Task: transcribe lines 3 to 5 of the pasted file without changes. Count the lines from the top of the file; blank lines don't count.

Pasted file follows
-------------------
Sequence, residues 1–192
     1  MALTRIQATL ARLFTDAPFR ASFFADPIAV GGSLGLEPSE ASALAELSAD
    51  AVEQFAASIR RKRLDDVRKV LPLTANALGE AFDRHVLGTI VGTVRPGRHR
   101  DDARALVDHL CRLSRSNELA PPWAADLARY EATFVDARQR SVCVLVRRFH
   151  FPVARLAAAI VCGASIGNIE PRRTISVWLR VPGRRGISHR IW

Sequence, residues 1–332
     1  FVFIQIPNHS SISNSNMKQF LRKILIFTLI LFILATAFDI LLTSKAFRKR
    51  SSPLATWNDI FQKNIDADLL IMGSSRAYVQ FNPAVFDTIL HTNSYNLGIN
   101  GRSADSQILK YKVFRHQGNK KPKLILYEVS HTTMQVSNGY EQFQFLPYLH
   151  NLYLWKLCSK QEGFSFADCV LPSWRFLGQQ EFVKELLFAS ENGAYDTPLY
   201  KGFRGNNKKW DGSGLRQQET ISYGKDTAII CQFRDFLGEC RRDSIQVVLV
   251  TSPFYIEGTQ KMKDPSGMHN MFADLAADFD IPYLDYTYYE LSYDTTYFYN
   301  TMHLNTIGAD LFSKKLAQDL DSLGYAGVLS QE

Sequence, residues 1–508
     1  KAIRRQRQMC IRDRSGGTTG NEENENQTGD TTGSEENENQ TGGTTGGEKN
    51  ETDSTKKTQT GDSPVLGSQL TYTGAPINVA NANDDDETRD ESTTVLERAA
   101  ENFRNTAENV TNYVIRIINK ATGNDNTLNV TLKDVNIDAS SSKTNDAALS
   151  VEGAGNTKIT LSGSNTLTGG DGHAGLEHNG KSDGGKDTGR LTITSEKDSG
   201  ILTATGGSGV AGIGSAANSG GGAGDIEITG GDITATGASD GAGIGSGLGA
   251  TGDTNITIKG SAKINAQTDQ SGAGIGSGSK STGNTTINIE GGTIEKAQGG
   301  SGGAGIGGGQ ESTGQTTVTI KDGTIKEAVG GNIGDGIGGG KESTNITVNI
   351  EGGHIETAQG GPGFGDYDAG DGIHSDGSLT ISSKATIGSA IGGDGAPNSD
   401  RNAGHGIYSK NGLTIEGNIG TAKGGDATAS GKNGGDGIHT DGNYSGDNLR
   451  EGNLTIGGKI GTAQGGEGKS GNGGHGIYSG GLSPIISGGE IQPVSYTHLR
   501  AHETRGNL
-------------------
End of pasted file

    51  AVEQFAASIR RKRLDDVRKV LPLTANALGE AFDRHVLGTI VGTVRPGRHR
   101  DDARALVDHL CRLSRSNELA PPWAADLARY EATFVDARQR SVCVLVRRFH
   151  FPVARLAAAI VCGASIGNIE PRRTISVWLR VPGRRGISHR IW